Global Policing

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  • Format: Paperback
  • Copyright: 2012-01-24
  • Publisher: SAGE Publications Ltd
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Shifts in criminality enabled by the globalised world are creating significant challenges for security in nation states. As crime and terrorism cross borders, so too must criminal justice strategies. The necessity of developing a transnational approach to policing, and the major political implications that go alongside, are at the front of the agenda in criminological debate. Considering law enforcement beyond the boundaries of the nation state, Global Policing examines the forms it takes in contemporary society and the trajectory of its future development. The text explores: - the emergence of a 'new security agenda' focused on serious organised crime and terrorism and how this is driving a transformation in all spheres of policing - the blurring of boundaries between police, military, secret intelligence and other 'security sector' agencies - the restructuring of local policing so that it is 'globally aware', the creation of national policing agencies with a transnational reach, and the posting of international crime liaison officers around the world - the creation of regional entities such as Europol and global organisations such as Interpol. Written by two of the leading experts in the field internationally, Global Policing considers the effectiveness, legitimacy and accountability of transnational policing in a lively and accessible style. With its exploration of cutting-edge theoretical debates brought to life with case studies and examples, the book is essential reading for students and academics in criminology, criminal justice, policing and international relations.

Author Biography

Ben Bowling is Professor of Criminology and Criminal Justice at King's College London. James Sheptycki is Professor of Criminology at York University, Toronto, Canada.

Table of Contents

Abbreviationsp. viii
Preface and Acknowledgementsp. xi
Introductionp. 1
Theorising global policingp. 8
The problem of global policingp. 8
Policing and social theoryp. 11
Policing and the social contractp. 13
Policing and political theoryp. 15
Policing and lawp. 17
Colonial policingp. 20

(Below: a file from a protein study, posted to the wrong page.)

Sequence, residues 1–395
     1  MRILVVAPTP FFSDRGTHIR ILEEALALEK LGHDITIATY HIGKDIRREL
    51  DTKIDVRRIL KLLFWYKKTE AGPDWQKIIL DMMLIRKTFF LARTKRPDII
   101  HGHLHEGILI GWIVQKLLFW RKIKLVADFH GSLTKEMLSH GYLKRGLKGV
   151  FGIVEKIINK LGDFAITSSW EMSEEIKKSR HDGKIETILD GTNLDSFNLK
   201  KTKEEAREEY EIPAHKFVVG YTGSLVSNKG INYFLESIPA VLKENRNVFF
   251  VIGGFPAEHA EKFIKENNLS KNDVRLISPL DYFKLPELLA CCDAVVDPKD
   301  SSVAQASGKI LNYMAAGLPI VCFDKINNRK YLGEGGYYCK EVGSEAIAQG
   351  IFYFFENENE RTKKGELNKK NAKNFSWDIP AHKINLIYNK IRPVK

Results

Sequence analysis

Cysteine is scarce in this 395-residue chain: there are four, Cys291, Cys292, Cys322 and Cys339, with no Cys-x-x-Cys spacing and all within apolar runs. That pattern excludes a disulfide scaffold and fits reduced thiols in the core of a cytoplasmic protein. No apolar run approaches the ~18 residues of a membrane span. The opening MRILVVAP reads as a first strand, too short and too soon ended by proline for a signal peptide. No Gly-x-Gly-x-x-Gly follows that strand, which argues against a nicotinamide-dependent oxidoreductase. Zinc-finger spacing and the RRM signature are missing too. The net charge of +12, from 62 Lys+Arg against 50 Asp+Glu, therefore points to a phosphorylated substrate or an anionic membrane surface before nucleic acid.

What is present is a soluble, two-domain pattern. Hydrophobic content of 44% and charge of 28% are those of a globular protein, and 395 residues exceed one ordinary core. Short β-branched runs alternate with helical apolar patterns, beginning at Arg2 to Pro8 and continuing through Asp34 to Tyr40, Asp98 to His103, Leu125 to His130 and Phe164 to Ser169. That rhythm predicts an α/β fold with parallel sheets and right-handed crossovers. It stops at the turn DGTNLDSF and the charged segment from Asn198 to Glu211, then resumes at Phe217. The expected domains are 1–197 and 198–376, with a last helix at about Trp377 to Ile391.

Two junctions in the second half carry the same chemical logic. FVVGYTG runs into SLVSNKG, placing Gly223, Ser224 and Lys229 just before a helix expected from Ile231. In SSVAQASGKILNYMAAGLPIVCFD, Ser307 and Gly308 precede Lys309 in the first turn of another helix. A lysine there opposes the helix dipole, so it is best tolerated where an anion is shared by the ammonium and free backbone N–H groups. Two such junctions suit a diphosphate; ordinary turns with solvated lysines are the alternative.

Types of transnational policingp. 22
Conclusion: policing an insecure worldp. 27
Policing and the transnational-state-systemp. 29
The changing morphology of the statep. 29
Jurisdictional sovereignty and functional diversity in policingp. 32
Agenda setting and transnational policing prioritiesp. 34
Legal discourse and law-making in international police co-operationp. 38
Developments in Europep. 42
Developments in the United Statesp. 46
Multi-agency co-operation; the military security and private sectorsp. 49
Conclusion: policing the new world orderp. 52
The global policing architecturep. 53
Global police agenciesp. 53
Regional police agenciesp. 64
National policing hubsp. 68
Private transnational policingp. 71
Glocal policingp. 73
Conclusionp. 76
The occupational subcultures of global policingp. 78
Police liaison officers and the transnational space betweenp. 78
Subcultural theory and policingp. 81
The parameters of policing subculturep. 84
Meet the global copsp. 87
The varied occupational character of global copsp. 93
Global policing, subculture and accountabilityp. 94
Conclusion: occupational policing subcultures - global thoughts/local actsp. 99
Global policing in practicep. 101
Policing transnational spacesp. 101
Policing border zoriesp. 102
Policing the oceansp. 104
Policing cyberspacep. 110
Policing mega-eventsp. 111
Policing transnational flowsp. 113
Policing people: migrants, criminals, terrorists and other suspect populationsp. 114
Policing drugs and gunsp. 118
Policing moneyp. 120
Policing weak states: where the flows stopp. 123
Conclusion: the consequences of global policingp. 126
Conclusion: the global cops have arrivedp. 128
Endnotesp. 137
Name Indexp. 169
Subject Indexp. 174
Table of Contents provided by Ingram. All Rights Reserved.

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